Van Dyck, Charles I at the Hunt, ca. 1635
Anthony Van Dyck was the greatest of Rubens’s many students. In 1633 he became court painter to Charles I. This portrait of Charles just dismounted from a horse emphasizes the aristocratic bearing,elegance, and innate authority of the king. Van Dyck’s success led to innumerable commissions by members of the court and aristocratic society. He had a profound influence on portraiture in England and beyond; some scholars believe that this portrait influenced Rigaud’s 1701 portrayal of Louis XIV (see page 488).(Scala/Art Resource, NY)
In 1588 Queen Elizabeth I of England exercised very great personal power; by 1689 the English monarchy was severely circumscribed. A rare female monarch, Elizabeth was able to maintain control over her realm in part by refusing to marry and submit to a husband. She was immensely popular with her people, but left no immediate heir to continue her legacy.
In 1603 Elizabeth’s Scottish cousin James Stuart succeeded her as James I (r. 1603–1625). King James was well educated and had thirty-five years’ experience as king of Scotland. But he was not as interested in displaying the majesty of monarchy as Elizabeth had been. Urged to wave at the crowds who waited to greet their new ruler, James complained that he was tired and threatened to drop his breeches “so they can cheer at my arse.”10
James’s greatest problem, however, stemmed from his absolutist belief that a monarch has a divine right to his authority and is responsible only to God. James went so far as to lecture the House of Commons: “There are no privileges and immunities which can stand against a divinely appointed King.” Such a view ran directly counter to the long-standing English idea that a person’s property could not be taken away without due process of law. James I and his son Charles I considered such constraints intolerable and a threat to their divine-right prerogative.Consequently, at every Parliament between 1603 and 1640,bitter squabbles erupted between the Crown and the articulate and legally minded Commons. Charles I’s attempt to govern without Parliament (1629–1640) and to finance his government by emergency taxes brought the country to a crisis.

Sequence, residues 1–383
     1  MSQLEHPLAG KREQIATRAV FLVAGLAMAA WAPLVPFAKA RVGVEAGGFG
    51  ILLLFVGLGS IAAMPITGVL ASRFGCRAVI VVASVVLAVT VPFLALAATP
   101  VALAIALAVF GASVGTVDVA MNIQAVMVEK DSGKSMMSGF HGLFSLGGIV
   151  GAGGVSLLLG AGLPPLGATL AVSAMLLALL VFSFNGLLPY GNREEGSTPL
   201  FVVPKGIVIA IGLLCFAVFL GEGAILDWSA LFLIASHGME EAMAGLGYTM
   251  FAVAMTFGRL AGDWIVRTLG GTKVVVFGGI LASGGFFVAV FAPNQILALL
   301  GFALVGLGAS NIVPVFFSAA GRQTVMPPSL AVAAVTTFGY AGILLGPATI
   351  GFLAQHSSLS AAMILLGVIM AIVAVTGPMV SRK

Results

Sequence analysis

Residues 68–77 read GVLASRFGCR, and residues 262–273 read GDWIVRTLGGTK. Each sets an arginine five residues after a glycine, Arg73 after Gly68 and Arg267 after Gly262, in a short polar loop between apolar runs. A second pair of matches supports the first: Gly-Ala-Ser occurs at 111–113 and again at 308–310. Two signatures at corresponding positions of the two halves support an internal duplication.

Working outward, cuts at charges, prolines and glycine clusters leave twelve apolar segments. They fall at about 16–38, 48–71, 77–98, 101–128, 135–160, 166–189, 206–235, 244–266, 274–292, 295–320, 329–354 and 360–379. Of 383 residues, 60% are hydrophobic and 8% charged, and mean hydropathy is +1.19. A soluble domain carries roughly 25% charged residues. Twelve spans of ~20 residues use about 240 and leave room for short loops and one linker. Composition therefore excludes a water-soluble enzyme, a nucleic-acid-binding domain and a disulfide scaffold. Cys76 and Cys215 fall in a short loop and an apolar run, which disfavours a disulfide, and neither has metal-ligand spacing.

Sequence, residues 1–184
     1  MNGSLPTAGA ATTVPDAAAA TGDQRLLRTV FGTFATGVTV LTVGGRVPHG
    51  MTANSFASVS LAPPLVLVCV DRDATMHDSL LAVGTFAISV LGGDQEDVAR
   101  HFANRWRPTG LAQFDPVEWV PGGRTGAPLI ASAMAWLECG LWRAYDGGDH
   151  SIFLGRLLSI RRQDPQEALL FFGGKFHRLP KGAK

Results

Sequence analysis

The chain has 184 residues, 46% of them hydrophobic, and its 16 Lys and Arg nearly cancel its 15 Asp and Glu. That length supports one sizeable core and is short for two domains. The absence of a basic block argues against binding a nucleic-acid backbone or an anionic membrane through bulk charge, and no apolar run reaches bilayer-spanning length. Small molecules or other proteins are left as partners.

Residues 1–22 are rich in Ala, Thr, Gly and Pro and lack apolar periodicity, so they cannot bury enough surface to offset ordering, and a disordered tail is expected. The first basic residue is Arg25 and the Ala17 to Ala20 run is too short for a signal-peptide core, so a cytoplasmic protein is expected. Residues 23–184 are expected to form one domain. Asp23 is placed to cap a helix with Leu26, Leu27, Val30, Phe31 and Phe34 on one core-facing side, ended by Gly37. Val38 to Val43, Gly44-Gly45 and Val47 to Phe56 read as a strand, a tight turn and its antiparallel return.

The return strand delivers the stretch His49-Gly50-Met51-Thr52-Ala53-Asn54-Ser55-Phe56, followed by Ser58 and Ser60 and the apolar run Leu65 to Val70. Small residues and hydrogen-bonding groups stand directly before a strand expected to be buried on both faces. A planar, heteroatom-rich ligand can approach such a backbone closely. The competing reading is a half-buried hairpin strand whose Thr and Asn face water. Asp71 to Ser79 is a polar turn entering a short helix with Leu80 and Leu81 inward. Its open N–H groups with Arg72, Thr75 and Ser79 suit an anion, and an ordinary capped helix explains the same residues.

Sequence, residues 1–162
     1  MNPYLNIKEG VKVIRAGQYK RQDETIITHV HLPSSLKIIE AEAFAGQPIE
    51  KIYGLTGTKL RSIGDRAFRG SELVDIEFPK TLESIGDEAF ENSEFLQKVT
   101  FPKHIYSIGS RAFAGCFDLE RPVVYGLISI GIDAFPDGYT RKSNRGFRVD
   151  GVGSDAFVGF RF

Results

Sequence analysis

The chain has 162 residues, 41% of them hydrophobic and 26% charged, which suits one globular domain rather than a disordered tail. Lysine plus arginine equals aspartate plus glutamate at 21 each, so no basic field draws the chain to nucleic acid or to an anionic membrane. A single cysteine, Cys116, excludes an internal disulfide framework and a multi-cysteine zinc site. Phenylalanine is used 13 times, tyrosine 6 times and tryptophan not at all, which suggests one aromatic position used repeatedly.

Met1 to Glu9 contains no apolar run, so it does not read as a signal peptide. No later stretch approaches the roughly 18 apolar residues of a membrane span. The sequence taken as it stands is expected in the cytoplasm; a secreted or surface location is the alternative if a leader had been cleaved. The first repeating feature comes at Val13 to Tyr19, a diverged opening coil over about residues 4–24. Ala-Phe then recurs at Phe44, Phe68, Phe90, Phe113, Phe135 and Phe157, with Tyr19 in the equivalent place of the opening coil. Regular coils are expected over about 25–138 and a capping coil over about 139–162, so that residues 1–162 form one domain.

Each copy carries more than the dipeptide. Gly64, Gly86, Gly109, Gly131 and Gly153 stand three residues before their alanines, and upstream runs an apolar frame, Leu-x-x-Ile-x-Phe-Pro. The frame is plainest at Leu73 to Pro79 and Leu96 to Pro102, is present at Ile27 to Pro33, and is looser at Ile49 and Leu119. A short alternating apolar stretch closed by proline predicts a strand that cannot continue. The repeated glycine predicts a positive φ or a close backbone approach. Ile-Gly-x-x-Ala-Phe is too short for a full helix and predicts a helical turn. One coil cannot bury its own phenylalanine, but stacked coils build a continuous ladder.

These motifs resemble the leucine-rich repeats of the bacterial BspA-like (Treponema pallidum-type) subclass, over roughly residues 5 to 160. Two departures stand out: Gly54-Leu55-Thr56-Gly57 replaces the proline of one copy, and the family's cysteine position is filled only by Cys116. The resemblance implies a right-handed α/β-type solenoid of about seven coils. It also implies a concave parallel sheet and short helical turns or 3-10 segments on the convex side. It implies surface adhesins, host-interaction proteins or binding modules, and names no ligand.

Religious Divides and the English Civil War
PuritansMembers of a sixteenth-and seventeenth-century reform movement within the Church of England that advocated purifying it of Roman Catholic elements, such as bishops, elaborate ceremonials, and wedding rings.
Religious issues also embittered relations between the king and the House of Commons. In the early seventeenth century increasing numbers of English people felt dissatisfied with the Church of England established by Henry VIII and reformed by Elizabeth. Many Puritansbelieved that the Reformation had not gone far enough. They wanted to “purify” the Anglican Church of Roman Catholic elements—elaborate vestments and ceremonials,bishops, and even the giving and wearing of wedding rings.
These twelve engravings depict typical Puritan occupations and show that the Puritans came primarily from the artisan and lower middle classes. The governing classes and peasants made up a much smaller percentage of the Puritans and generally adhered to the traditions of the Church of England.(Visual Connection Archive)
James I responded to such ideas by declaring, “No bishop, no king.” For James, bishops were among the chief supporters of the throne. His son and successor, Charles I, further antagonized religious sentiments. Not only did he marry a Catholic princess,but he also supported the heavy-handed policies of the Archbishop of Canterbury William Laud (1573–1645). In 1637 Laud attempted to impose two new elements on church organization in Scotland: a new prayer book, modeled on the Anglican Book of Common Prayer, and bishoprics. The Presbyterian Scots rejected these elements and revolted. To finance an army to put down the Scots, King Charles was compelled to summon Parliament in November 1640.
Charles had ruled from 1629 to 1640 without Parliament,financing his government through extraordinary stopgap levies considered illegal by most English people. For example, the king revived a medieval law requiring coastal districts to help pay the cost of ships for defense, but he The English Civil War, levied the tax, called “ship money,” 1642–1649 on inland as well as coastal counties. Most members of Parliament believed that such taxation without consent amounted to despotism. Consequently,they were not willing to trust the king with an army. Moreover,many supported the Scots’ resistance to Charles’s religious innovations. Accordingly, this Parliament, called the “Long Parliament” because it sat from 1640 to 1660, enacted legislation that limited the power of the monarch and made government without Parliament impossible.
In 1641 the Commons passed the Triennial Act, which compelled the king to summon Parliament every three years. The Commons impeached Archbishop Laud and then threatened to abolish bishops. King Charles, fearful of a Scottish invasion—the original reason for summoning Parliament—reluctantly accepted these measures.
The next act in the conflict was precipitated by the outbreak of rebellion in Ireland,where English governors and landlords had long exploited the people. In 1641 the Catholic gentry of Ireland led an uprising in response to a feared invasion by anti-Catholic forces of the British Long Parliament.
The English Civil War 1642–1649